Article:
Texas law student Barry Sharpe '02 was one of only 15 scholars chosen in a nationwide competition to participate in a summer seminar on "Creating the Federal Republic" sponsored by the Supreme Court Historical Society in Washington, DC. The seminar will be led by Professors Jack Rakove of Stanford and Akhil Amar of Yale Law School. Professor Rakove won the Pulitzer Prize for his book Original Meanings: Politics and Ideas in the Making of the Constitution. Professor Amar is one of the nation's leading constitutional lawyers, author of many articles and books, as well as co-author with UT law professor Sanford Levinson of Processes of Constitutional Decision-Making (4th edition, 2000).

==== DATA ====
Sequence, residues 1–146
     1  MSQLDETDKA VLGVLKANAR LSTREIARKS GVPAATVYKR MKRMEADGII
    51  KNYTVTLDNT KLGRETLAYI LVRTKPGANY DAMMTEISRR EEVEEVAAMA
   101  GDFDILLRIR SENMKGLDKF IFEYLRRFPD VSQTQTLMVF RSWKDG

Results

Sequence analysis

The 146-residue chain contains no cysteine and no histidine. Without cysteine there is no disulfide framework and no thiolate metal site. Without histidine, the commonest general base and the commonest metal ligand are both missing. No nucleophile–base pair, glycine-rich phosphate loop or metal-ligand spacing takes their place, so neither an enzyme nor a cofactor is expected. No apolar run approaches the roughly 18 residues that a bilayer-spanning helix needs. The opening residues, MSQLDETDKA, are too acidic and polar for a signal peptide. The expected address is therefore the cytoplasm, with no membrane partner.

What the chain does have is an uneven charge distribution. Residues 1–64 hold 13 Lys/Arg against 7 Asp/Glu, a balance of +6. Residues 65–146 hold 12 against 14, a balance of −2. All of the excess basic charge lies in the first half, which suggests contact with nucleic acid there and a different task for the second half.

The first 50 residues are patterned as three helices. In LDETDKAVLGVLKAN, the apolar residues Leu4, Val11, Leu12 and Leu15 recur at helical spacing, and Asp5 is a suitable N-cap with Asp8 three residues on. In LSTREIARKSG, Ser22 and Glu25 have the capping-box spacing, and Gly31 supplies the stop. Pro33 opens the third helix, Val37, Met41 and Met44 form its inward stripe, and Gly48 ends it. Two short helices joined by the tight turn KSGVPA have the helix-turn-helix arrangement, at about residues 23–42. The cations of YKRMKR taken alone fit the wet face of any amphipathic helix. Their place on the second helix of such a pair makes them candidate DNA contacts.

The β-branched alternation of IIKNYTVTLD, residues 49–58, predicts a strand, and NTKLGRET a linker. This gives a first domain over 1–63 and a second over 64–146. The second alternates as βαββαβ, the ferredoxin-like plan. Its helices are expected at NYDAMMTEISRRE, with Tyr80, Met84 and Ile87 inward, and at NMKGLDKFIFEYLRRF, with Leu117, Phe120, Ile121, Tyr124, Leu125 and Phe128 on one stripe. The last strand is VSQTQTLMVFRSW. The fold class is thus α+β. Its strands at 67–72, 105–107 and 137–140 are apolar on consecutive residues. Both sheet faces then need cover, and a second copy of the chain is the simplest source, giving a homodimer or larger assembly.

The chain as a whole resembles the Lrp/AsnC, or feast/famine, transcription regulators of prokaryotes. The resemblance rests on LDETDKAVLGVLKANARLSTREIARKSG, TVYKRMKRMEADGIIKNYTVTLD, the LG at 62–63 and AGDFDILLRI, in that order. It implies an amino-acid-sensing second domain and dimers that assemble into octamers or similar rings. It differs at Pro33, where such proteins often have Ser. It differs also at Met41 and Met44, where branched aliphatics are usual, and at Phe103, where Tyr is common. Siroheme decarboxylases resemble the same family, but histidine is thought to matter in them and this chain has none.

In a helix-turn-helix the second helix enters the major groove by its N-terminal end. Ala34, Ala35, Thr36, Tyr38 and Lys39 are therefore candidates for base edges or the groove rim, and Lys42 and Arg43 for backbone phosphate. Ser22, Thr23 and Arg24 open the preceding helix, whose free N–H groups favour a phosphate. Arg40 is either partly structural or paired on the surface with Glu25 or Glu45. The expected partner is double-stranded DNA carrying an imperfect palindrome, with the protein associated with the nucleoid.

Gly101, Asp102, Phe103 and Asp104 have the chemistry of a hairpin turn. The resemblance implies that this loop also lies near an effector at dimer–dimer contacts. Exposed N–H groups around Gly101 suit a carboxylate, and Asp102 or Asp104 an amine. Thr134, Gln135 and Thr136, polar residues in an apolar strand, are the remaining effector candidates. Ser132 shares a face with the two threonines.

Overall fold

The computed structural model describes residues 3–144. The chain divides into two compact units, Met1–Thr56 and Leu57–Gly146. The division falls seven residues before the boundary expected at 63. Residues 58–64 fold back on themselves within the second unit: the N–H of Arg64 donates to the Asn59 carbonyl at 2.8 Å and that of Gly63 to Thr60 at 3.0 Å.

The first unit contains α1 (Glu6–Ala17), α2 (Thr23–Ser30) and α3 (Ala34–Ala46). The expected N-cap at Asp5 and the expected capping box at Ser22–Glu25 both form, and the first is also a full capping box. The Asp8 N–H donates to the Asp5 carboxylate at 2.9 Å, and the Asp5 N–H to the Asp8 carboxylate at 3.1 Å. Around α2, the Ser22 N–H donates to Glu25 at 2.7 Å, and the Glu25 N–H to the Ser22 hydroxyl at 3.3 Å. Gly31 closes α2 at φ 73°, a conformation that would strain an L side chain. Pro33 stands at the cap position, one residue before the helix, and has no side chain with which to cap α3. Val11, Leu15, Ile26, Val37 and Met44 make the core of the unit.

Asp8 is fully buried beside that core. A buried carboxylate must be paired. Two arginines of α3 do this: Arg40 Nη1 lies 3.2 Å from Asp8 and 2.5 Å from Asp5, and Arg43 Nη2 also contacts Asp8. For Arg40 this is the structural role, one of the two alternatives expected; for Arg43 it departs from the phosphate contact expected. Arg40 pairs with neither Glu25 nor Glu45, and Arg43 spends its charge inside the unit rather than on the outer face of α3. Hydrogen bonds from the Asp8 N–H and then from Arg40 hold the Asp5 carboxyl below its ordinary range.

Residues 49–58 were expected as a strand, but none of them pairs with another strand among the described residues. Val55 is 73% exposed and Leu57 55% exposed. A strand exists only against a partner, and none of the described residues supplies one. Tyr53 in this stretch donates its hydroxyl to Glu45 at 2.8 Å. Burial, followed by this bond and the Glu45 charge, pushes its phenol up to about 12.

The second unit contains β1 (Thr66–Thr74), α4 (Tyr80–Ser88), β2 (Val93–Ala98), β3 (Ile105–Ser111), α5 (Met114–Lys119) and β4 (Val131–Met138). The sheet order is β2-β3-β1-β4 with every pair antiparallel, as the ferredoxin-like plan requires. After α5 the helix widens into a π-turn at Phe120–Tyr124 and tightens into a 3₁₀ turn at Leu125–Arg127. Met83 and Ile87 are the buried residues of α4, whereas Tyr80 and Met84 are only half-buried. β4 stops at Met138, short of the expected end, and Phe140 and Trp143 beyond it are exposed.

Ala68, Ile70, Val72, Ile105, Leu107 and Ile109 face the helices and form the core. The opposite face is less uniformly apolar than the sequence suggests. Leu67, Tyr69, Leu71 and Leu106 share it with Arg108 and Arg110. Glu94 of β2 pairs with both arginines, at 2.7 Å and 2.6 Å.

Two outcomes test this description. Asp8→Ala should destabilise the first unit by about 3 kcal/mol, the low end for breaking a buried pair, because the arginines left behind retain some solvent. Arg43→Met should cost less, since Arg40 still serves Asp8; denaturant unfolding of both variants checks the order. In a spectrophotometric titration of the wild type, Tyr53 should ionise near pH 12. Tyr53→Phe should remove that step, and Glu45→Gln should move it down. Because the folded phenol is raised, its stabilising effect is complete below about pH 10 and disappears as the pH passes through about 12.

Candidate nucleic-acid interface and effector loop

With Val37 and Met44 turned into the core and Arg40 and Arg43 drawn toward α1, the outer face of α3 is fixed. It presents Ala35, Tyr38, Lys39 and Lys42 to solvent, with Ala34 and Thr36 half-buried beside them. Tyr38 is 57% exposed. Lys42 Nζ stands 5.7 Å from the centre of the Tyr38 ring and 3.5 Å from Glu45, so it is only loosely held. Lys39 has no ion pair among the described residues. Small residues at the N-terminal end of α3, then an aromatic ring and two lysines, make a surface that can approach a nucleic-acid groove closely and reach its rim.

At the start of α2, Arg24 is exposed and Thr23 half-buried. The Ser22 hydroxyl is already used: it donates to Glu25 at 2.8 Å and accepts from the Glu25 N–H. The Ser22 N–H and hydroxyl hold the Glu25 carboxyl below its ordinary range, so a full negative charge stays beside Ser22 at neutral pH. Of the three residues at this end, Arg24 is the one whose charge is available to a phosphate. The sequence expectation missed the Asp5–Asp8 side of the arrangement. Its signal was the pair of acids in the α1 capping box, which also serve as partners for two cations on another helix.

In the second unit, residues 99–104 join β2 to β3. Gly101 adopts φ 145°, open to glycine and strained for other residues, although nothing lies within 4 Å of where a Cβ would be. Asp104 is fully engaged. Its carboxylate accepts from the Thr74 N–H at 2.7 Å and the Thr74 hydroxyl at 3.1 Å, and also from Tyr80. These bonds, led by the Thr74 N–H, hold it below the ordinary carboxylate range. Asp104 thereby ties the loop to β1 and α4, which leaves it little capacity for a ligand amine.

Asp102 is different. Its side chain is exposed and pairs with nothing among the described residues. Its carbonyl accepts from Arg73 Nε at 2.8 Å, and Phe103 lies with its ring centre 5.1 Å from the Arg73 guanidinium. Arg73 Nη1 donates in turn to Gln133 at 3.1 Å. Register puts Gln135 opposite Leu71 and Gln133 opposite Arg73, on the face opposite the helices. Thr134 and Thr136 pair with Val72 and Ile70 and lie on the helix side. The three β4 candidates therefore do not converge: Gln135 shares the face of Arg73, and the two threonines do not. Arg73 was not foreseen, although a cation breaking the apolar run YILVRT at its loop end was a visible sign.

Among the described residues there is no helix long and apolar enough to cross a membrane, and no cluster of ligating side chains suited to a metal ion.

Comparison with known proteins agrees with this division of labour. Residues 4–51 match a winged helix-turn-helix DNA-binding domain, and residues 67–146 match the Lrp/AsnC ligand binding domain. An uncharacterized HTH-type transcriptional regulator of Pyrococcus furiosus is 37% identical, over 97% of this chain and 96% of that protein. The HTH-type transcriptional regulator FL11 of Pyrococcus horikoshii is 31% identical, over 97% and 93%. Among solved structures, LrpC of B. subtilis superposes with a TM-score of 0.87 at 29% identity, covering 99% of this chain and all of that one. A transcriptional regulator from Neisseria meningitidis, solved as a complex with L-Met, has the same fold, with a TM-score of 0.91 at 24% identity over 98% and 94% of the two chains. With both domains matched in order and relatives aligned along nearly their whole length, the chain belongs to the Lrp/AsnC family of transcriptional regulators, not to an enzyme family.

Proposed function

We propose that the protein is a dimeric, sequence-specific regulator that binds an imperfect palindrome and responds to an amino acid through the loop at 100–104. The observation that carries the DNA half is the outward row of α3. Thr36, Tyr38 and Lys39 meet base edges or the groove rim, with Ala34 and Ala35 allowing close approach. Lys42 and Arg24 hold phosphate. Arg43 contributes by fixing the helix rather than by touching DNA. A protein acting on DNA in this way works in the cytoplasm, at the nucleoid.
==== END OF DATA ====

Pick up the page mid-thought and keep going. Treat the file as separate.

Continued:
The seminar will focus on constitutional issues in the founding era, with seminar participants developing and presenting their own research. Dr. Sharpe's research proposal involves an examination of grand jury instructions from Supreme Court Justices during the 1790s with attention to how the explicitly political instructions served as a form of political education for a new republic.
Dr. Sharpe holds a B.A. and PhD in Political Science from the University of South Carolina, and taught political theory at Northwestern College before starting law school at UT this past fall. He has published several articles, as well as the book Modesty and Arrogance in Judgment: Hannah Arendt's Eichmann in Jerusalem (Praeger, 1999).